The History of Surrealism
Belknap Press of Harvard University Press, 1989 - 351 pagina's
"I believe," André Breton said, "in the future resolution of the states of dream and reality--in appearance so contradictory--in a sort of absolute reality, or surréalité." The Surrealist movement, born in the 1920s out of the ferment of Dada, committed to revolution against bourgeois rationalism, and inspired by Freudian exploration of the unconscious, has reverberated more widely and deeply than perhaps any other art movement in our century. Its automatism, biomorphic shapes, visionary mode, and manipulation of found objects mark the work of artists as different as Ernst, Miró, Magritte, and Dali.
Maurice Nadeau's History of Surrealism, first published in French in 1944 and in English in 1965, has become a classic. It is both lucid and authoritative--by far the best overall account of this complex movement. Nadeau traces the evolution of Surrealism, bringing to life its many internal debates about politics and art. He relates the movement to its intellectual and artistic environment. And he provides the statements and manifestos of Breton, Aragon, Tzara, and others.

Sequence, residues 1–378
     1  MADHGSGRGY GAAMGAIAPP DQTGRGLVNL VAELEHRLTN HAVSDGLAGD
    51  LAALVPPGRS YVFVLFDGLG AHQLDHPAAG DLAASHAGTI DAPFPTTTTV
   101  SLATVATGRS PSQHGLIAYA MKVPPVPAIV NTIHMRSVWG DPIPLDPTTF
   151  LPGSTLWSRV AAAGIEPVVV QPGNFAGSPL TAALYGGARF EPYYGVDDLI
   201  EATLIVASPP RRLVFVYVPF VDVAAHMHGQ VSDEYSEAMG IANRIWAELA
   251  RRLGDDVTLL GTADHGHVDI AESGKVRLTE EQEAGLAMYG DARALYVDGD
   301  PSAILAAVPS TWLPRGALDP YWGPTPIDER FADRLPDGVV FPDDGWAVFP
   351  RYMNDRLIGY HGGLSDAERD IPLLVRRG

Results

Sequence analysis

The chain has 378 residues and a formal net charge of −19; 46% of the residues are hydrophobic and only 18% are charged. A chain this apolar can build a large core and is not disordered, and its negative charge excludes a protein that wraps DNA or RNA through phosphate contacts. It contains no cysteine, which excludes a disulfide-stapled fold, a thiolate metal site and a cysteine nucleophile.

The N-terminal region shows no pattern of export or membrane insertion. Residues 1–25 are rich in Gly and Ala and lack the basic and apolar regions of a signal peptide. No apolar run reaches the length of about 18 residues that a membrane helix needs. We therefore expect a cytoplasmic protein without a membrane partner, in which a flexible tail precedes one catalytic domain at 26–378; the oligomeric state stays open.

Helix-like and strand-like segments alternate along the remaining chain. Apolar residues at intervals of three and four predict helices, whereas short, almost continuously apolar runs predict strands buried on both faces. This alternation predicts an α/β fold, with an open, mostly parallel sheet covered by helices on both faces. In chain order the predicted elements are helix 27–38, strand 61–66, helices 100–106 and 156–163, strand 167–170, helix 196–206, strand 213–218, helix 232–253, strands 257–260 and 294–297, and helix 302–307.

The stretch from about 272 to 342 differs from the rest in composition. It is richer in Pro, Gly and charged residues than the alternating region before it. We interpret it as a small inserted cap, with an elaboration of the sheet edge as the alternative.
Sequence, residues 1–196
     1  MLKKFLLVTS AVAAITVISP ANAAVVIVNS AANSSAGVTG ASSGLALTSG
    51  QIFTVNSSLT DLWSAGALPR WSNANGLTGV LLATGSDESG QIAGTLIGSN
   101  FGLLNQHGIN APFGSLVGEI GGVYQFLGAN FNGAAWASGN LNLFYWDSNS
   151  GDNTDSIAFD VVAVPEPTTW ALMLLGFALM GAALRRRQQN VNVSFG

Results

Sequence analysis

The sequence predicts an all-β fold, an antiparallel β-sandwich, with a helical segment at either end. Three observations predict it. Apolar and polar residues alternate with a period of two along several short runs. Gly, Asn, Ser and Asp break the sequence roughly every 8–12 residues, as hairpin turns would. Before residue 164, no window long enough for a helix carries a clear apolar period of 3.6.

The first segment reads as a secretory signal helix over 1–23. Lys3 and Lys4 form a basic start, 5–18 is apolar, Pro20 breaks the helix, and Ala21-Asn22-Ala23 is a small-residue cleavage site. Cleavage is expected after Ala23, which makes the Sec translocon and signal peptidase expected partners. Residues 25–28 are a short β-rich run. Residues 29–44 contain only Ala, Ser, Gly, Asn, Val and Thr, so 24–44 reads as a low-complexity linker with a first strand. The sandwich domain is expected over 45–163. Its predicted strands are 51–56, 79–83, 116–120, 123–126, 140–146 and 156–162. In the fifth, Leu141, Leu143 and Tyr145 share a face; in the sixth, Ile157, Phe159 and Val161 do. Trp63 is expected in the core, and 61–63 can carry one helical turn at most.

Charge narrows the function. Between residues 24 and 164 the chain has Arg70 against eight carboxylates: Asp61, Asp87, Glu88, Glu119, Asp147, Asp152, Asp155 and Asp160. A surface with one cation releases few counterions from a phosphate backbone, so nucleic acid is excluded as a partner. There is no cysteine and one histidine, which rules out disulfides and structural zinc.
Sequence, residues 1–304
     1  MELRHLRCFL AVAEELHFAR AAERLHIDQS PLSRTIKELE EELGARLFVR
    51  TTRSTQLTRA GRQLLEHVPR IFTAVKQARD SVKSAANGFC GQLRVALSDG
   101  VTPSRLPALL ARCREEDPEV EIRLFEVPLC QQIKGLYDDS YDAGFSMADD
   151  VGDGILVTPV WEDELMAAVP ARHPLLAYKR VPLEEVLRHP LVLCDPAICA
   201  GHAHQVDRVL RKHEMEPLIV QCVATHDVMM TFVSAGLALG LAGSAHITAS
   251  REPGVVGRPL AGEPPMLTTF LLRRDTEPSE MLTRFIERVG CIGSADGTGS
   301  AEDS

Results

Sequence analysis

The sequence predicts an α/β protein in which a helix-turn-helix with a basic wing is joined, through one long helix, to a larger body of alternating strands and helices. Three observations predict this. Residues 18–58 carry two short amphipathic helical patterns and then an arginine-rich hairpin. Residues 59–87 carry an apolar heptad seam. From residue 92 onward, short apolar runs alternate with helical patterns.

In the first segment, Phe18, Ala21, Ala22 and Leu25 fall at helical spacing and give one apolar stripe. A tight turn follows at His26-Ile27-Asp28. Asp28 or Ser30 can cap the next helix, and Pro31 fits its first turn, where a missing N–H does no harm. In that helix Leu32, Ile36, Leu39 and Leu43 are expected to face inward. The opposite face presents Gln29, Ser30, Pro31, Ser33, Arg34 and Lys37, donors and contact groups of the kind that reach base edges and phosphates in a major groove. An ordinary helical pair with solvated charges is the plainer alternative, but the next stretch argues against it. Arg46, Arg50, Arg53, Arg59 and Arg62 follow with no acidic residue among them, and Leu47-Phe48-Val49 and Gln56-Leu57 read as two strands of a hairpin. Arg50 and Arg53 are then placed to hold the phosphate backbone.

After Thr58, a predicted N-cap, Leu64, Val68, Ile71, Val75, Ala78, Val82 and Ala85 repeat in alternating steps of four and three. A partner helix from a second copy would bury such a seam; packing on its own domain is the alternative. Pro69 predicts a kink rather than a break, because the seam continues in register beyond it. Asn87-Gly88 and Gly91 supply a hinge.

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For the time being, there were the poems of FJuard, Le devoir et VinquiStude (
1917), and of Soupault, aquarium (1917), personal experiments not at all
influenced by Dada. 9 Georges Hugnet, "L'esprit dada dans la peinrure" (
Cahiers d'Art, ...
6 Quoted by Georges Hugnet, loc. cit. 7 One of Picabia's articles: . . . Dufayel
seems to me more interesting than Ribemont-Dessaignes, Capablanca or Ford
more interesting than Marcel Duchamp, Victor Hugo more interesting than Max
The technique of collage itself, practiced by Max Ernst, Georges Hugnet, already
signified a victorious explosion of the object into realms where it was not
expected, an effraction of consciousness even in the dark domain of the
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LIST OF ILLUSTRATIONS
foreword Maurice Nadeau
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